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 Question from Paul: 14 man golf league. Need to have alternating 2 man teams for 18 weeks. Need to rotate foursomes so no one is stuck in twosome more than once. Can you help?

We have two responses for you

Paul,

• 14 players
• foursomes consisting of two two-man teams
• 18 weeks

How many foursomes each week? Do some players sit out each week?

I can tell you that there are 91 different pairs of players among 14 golfers. Each foursome takes care of six pairs. If there are three foursomes each week, that takes care of 18 pairs. Over 18 weeks, that's 324 pairs. So the best you can do is that some pairs are in the same foursome at least four times. That means they must be partners at least twice. Doing that well might not be possible.

A decent schedule might still exist. It all depends on what you're looking for.

Victoria

I'm not sure I understand the problem.

If everybody is meant to play each week you can't even divide the 14 into foursomes.

If "alternating" means each player plays every other week then a similar problem arises.

If only three foursomes play each week, that is a total of 108 pairs; but 14 players only allow 13*14/2 = 91 distinct pairs and some pairs will have to play twice.

If only one foursome plays each week, there are 72 (player,day) pairs in total and each player plays 5 or 6 times. The problem is then pretty easy, but I don't think that's what you meant.

RD

Paul replied

Thanks for the response. I know my question was not too clear. we have 14 players in an 18 week golf league. each player plays every week so thats 3 foursomes and a twosome. each week there will be 7 two man teams. we want the teams to change every week and the foursomes to alternate every week so each player is playing with each other player the same number of times or as close as possible.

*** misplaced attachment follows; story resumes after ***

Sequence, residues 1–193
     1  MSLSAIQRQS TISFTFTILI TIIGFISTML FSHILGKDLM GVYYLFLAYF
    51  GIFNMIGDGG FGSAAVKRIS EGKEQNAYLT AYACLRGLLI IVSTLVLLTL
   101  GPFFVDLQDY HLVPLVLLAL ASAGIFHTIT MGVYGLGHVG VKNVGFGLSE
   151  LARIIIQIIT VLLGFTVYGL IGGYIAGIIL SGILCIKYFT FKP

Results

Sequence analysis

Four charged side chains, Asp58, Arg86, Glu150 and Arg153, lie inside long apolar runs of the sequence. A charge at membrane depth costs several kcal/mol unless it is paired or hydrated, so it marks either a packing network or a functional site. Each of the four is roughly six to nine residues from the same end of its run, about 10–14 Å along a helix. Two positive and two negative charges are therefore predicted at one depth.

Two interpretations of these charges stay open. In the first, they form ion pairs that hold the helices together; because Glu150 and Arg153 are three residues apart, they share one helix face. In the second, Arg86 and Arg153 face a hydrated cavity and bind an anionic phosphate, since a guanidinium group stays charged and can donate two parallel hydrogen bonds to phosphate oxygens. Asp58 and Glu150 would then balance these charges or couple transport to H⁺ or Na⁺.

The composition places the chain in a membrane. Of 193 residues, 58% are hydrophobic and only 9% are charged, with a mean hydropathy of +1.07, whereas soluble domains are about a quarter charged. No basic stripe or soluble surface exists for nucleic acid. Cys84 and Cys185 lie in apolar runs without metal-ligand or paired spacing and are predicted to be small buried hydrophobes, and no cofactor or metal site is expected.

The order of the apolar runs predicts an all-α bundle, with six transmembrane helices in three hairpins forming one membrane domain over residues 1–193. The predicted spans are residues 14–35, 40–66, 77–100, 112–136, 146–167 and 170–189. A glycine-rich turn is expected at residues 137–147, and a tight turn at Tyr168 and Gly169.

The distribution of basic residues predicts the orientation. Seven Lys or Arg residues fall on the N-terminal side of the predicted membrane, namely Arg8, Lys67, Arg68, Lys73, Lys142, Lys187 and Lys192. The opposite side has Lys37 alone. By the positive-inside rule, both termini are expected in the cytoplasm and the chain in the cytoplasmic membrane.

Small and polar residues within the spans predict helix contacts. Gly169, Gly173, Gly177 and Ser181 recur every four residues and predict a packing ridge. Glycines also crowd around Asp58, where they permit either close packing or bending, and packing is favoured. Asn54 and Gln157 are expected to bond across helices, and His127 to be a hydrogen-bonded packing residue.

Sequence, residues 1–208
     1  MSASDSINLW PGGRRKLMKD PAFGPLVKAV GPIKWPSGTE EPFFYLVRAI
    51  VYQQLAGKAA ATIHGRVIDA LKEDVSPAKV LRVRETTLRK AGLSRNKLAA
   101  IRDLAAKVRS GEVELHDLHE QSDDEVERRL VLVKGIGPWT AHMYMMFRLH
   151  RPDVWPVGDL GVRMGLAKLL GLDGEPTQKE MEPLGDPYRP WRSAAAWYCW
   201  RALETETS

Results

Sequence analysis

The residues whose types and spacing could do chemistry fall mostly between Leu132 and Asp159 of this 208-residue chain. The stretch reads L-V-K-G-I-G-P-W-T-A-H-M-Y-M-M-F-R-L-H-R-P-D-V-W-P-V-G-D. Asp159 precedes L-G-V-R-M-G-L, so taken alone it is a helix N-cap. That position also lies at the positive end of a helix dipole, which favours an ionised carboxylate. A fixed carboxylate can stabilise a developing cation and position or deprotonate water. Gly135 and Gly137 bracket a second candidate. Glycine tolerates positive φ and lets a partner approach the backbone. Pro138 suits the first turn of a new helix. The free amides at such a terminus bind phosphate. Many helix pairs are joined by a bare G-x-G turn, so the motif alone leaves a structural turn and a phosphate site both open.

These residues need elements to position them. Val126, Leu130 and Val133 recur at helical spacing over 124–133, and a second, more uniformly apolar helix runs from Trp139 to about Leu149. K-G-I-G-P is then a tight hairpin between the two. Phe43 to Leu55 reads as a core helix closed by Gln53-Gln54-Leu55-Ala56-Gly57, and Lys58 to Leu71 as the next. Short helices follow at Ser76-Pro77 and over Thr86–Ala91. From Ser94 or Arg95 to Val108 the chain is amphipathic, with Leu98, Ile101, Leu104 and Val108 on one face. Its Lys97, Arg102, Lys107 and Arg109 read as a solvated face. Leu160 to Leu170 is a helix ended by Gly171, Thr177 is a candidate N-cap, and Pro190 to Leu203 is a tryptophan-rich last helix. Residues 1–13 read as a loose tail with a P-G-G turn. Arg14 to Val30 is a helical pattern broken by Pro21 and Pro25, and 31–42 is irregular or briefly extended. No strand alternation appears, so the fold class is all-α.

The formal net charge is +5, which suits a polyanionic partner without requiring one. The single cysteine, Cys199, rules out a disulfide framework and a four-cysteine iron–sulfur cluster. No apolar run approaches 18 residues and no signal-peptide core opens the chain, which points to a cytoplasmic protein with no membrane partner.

First, each player has at most 13 partners over 18 weeks so some repeats will have to happen. The best you can hope for is no threepeats. Similarly, in each of 18 weeks of play there will be 19 pairings (six in each foursome and the twosome) out of a total of 91,
and 3 < 18*19/91 < 4; so some pairs will be in the same twosome or foursome at least four times. You cannot do better than these numbers.

That said, I'm afraid I don't see a simple solution. The asymmetries of the problem make it a bit difficult. Sorry!

RD

After 13 weeks each player will have been teamed with each other player. Here is a schedule for 2 man teams for 13 weeks. After that, start over.

Number the players 0, 1, 2, ..., 12 and P.

The 2-man teams are

Week 1: P&0; 1&12; 2&11; 3&10; ... 6&7 (See the pattern?)
Week 2: P&1; 2&0; 3&12; 4&11; ... 7&8 (compared to the line above, just increase the number of every player except P by 1, and when you hit 12 "wrap around" to 0 -- like on an odometer)
Week 3: P&2; 3&1; 4&0; 5&12; ... 8&9 (do the same as above, and keep doing it to get the next week.)
and so on

Or use this to make the overall schedule and renumber the weeks randomly.

Now, there are 91 possible pairs of players from among 14 golfers. Three foursomes and a twosome cover 19 pairs, so over 18 weeks you cover 342 pairs. So some pairs wll be together at least four times.

I'll leave it to you to make the foursomes. My suggestion is to choose the twosome first. Over the first 7 weeks use 2-man pair number 1, 3, 5, 7, 2, 4, 6 and then repeat. Then make the foursomes by putting the remaining twosomes into three groups. One way to do this is to take twosomes from opposite ends of the list (omitting the twsome who are going out alone). I didn't carefully check how well this works, but expect it isn't bad. A different method is to choose randomly.

And last, assign the tee times in some way so that P does not usually get to go out first!

Victoria

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